The Readers Write: Listening and Resisting


The Readers Write: Listening and Resisting

These past few weeks have been a time for action, introspection, listening, and resisting. Radavist reader Sasha Schellenberg sent in this submission to us for a Readers Write, reflecting on their own perspective of what’s going on in the world right now with the murder of George Floyd and the Black Lives Matter protests. Without further adieu, here are Sasha’s words…

I do a lot of listening while I ride my bike. I listen for traffic and the odd redneck that will try to drive their diesel truck within a hairsbreadth of my handlebars (an unfortunate reality of cycling in parts of rural Alberta), I listen to my bike, always alert for unusual sounds (a result of seeing firsthand how small mechanical discrepancies can turn colossal if they go unnoticed for a time), and I listen for birds and wildlife (the upside of cycling in rural Alberta that makes it worth putting up with smelly trucks). Riding alone, cycling becomes a sensory experience, and it’s on those long gravel climbs, that half of me hates and the other half loves, that sounds seem to resonate clear as a bell.

This year was set to be a weird one for my partner and me from the get-go. Moving across the country to my childhood home and trying to rebuild our lives in a place that I soon realized no longer felt so familiar, gave us a hearty helping of discomfort. Throw in me trying to decide on a career path, an environmental state of emergency, a pandemic, and widespread civil unrest and I began to feel like I was having a quarter-life crisis that the world decided to join in on. Enjoying my pandemic induced unemployment but struggling to process all the shit going on around me I turned, as I often do, to my 2013 Kona Rove, a simple but versatile machine, determined to turn my existential angst into clear cut kilometers.

Over the course of the weeks spent on lockdown, I built my life around riding my bike. Maybe it was the clean mountain air or the grass I’d been smoking, but as I rode, this lifestyle began to seem more feasible as a long term plan, even after the world returned to some form or normalcy. Yes, there was the issue of money and how my partner and I could survive with my being a professional recreational cyclist but I figured a casual work schedule and a lack of children to support was a pretty good start to funding the dream. Plus, retirement and financial stability are overrated anyway, right?

But more recently a bigger issue than the mere logistics of my proposed lifestyle has presented itself: in a world so fucked by capitalism, racism, inequality, and a seemingly all-consuming apathy toward many of these issues, how can me (or anyone else for that matter) riding a bike just for the sake of riding do any good at all?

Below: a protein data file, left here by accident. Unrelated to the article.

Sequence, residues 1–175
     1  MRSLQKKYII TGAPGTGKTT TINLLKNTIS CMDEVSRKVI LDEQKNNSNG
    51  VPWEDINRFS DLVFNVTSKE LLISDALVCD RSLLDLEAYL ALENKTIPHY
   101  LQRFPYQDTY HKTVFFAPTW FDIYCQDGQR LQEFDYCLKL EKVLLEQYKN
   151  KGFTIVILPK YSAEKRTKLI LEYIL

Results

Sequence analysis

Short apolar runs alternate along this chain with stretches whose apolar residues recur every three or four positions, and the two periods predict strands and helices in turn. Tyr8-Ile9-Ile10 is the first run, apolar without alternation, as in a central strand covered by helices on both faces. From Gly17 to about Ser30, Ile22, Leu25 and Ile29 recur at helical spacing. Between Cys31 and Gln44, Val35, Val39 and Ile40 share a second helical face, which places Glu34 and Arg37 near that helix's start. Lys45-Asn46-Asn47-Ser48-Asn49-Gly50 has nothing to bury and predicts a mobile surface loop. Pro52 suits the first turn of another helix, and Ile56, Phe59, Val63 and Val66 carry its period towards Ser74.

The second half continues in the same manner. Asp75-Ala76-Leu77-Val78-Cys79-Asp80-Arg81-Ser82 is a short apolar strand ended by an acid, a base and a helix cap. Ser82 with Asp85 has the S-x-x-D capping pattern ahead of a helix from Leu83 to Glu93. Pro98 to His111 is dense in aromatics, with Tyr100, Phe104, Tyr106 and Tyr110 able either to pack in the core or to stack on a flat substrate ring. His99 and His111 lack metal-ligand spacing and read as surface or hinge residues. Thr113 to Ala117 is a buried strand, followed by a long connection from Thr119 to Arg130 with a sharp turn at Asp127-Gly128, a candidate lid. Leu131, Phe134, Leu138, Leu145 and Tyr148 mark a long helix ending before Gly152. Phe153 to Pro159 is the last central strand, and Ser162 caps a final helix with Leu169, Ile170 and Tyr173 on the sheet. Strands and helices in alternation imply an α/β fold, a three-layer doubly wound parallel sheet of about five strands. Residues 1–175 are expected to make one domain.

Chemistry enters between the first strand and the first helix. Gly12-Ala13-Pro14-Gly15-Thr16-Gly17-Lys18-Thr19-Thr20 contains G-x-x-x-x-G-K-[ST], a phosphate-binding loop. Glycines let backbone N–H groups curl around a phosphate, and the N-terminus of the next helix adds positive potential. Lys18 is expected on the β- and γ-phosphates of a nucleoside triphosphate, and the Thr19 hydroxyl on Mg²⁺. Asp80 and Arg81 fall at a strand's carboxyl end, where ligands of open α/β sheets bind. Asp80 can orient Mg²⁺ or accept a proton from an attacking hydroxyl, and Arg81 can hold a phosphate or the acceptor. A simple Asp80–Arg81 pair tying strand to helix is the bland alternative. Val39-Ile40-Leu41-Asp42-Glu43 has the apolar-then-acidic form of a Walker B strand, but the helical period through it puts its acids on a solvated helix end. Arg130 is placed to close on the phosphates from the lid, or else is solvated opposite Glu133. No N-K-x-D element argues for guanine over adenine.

That’s the one that I’ve been mulling over for the latter part of this global crisis. I figured if I just rode my bike some more the answer would come to me, that I was just one ride away from figuring it all out. I biked, the answer didn’t come. No matter how far I rode I never felt like I could crack it. I would think, get distracted by a nice view of the Rocky Mountains, think some more and never come to any great enlightenment. How could something be so important to me but seem to have so small a foothold in a broader context?

The murder of George Floyd and a strong resurgence in the Black Lives Matter movement finally connected it for me. The riots born out of hundreds of years of injustice signaled for many a new form of resistance, a refusal to go unnoticed.

Since George Floyd’s death, my social media feed has been inundated by friends and family calling for us white folks to just listen. Listen for the subtle (and not so subtle) tones of racism around us, listen for prejudice within ourselves, and, most importantly, listen to the voices of the BIPOC community and what they’re telling us of their experience.

I thought over these recent events as I choked down dust from a passing pickup and listened to the diesel engine roar as its wheels spat rocks that threatened to break my teeth. As it rounded the corner and both sight and sound of it dissipated I was engulfed once again by the soft crunch of my tires on the dirt road and the clear sight of 40 miles of picturesque ranch land butting up against the foot of the snow-covered Rockies. And listening to my freehub tick I found that elusive road that connected me and my bike to the rest of the world.

Cycling may not be able to change the world or put an end to injustice, but it sure can teach us a hell of a lot about slowing down and taking the time to engage with and listen to our surroundings. In order for the world to pull through the chaos that is 2020 we need to see the forest for the trees, and that’s one thing that cycling is pretty well equipped to teach how to do.